Doug's Darkworld

War, Science, and Philosophy in a Fractured World.

THE NO GUN RI MASSACRE

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July 26-29, 1950, Korea. The No Gun Ri massacre. This was during the Korean War, very early, about a month after the start of the war. At least two hundred Korean civilians trying to flee south were killed by small arms fire, heavy weapons fire, and air attack. They were killed under and around the No Gun Ri railroad bridge, photographed above in 2018. The killers? The US Seventh Cavalry. Well, this is awkward. Little known outside Korea until 1999 when AP ran a story, including interviews with a number of US veterans corroborating Korean survivors accounts. Really awkward.

So what happened? I’ll get to that by and by. I remember when this story came out in the USA. Widely reported at the time, those who had an interest in such things paid note. An old friend of mine was indignant that this “old news” was coming up, he thought it best for all concerned that it be buried and forgotten about. I wasn’t sure what to make of it, but I had no problem with the massacre being investigated, which both the US and South Korea set out to do. I mean, it’s an incident of the mass murder of civilians, shouldn’t that be investigated? I was pretty shocked by my friend’s reaction, although when it comes to Americans and war crimes, it’s a very common attitude.

As history shows. Coverup and forget. The Biscari massacre in World War Two is all too sadly typical. 73 Italian and German prisoners were massacred in cold blood. Two guys were eventually prosecuted, both received essentially no punishment, one was acquitted even. He was “only following orders.” The My Lai massacre in Vietnam is likely the most infamous example in my lifetime. Hundreds of civilians including women and children were slaughtered. The army tried to cover it up, but eventually a journalist broke the story. Twenty six men were charged, one, Lieutenant Calley, served three and a half years of house arrest. We’ll get to him later too.

Well, in war, these things happen. Expose people to horrific violence on a regular basis, and it becomes normal. Secretly recorded German POWs casually bragged about rape and murder, it was just “locker room talk.” And I heard numerous stories from Vietnam vets during my service, good old American marines bragging about murders they’d committed in Vietnam. Another excellent reason war should be the extreme last resort, it makes good people do bad things.

That being said, Americans committing war crimes doesn’t make Americans bad people. Doesn’t make any people bad people. Where the evil comes in is when governments and commanders look the other way and cover them up. Or worse, and the ultimate in evil, is when leaders order troops to do bad things. Still, looking the other way and covering up crimes when they occur is still pretty damn evil. And unfortunately, for the most part, that’s where America falls. Disappointing for those that fetishize the American military, except of course they would deny it, so no disappointment.

Which brings us back to the No Gun Ri massacre. The Korean investigation showed that American troops had been ordered to fire to fire on the refugees, apparently because of fears that communist infiltrators we’re among them. The American investigation concluded it was panic, and just, you know, shit happens. And that American GIs who remembered being given such orders were just confused. Unfortunately, key records that might have shed light on the topic are mysteriously missing. Like the records of the communications the 7th Cavalry, the one day the massacre started is missing from the archives. Oops, just a coincidence no doubt.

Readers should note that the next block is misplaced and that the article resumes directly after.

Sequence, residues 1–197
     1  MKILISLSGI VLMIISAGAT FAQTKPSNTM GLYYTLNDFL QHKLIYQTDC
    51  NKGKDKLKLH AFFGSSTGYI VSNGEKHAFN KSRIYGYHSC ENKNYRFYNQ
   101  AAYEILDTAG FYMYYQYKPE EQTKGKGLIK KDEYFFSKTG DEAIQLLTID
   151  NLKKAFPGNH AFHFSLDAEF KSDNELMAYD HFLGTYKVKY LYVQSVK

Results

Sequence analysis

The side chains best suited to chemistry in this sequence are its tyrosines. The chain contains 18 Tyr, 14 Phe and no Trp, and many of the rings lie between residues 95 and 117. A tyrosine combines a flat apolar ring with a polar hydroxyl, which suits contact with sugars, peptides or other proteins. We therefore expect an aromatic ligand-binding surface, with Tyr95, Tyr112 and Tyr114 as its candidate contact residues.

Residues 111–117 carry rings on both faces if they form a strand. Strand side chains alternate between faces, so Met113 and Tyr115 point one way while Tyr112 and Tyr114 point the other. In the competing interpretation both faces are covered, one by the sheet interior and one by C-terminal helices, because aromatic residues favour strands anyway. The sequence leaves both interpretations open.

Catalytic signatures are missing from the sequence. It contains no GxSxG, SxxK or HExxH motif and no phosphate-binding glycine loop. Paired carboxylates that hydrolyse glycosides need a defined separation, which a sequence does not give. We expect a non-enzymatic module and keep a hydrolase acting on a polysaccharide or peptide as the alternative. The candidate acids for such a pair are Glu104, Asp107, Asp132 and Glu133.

Basically despite all the claims of western moral superiority, the facts are much messier. If one loses a war, yeah, some war criminals may get punished. Win the war, prosecutions for war crimes are rare to nonexistent. A few elderly Germans are still being dragged into court because they were teenage typists at concentration camps in the waning days of World War Two. The numerous wars and war crimes since then, not so much. It will be a great day when the species takes a stand against war crimes and all who commit them face justice. And while we’re at it, let’s give everyone a pony too. Sigh.

As for the aforementioned Lt. Calley, someday I will have to write about the My Lai massacre. It was a great example of how war crimes happen even though the intent to commit a war crime wasn’t there. One thing led to another. Still inexcusable, and the attempted coverup even more so. On the plus side, some soldiers refused to participate, and one Air Force hero actually intervened and saved lives. And decades later, Lt. Calley apologized for his actions that day. Gives me hope.

No real point here except the aforementioned war is bad, and Americans have committed horrible war crimes just like so many others. Have a great week everyone. Comments, suggestions, and especially shares appreciated.

Copyright © 2019 Doug Stych. All rights reserved.

(Image: No Gun Ri bridge in 2018. The circles and such were put there by Korean investigators, they show where US bullets and ordinance struck.  Credit and copyright: Mary Dudziack. Used without permission, claimed as Fair Use under US copyright law as it is the perfect image for illustrating this post. And since the good professor seems to be of a similar mind to me, hopefully I can be forgiven for the use of her photo. In fact some of her books look interesting, if my local libraries have any, I will read and review for a future post.)

Written by unitedcats

July 29, 2019 at 4:33 am

Posted in History, Korea, War

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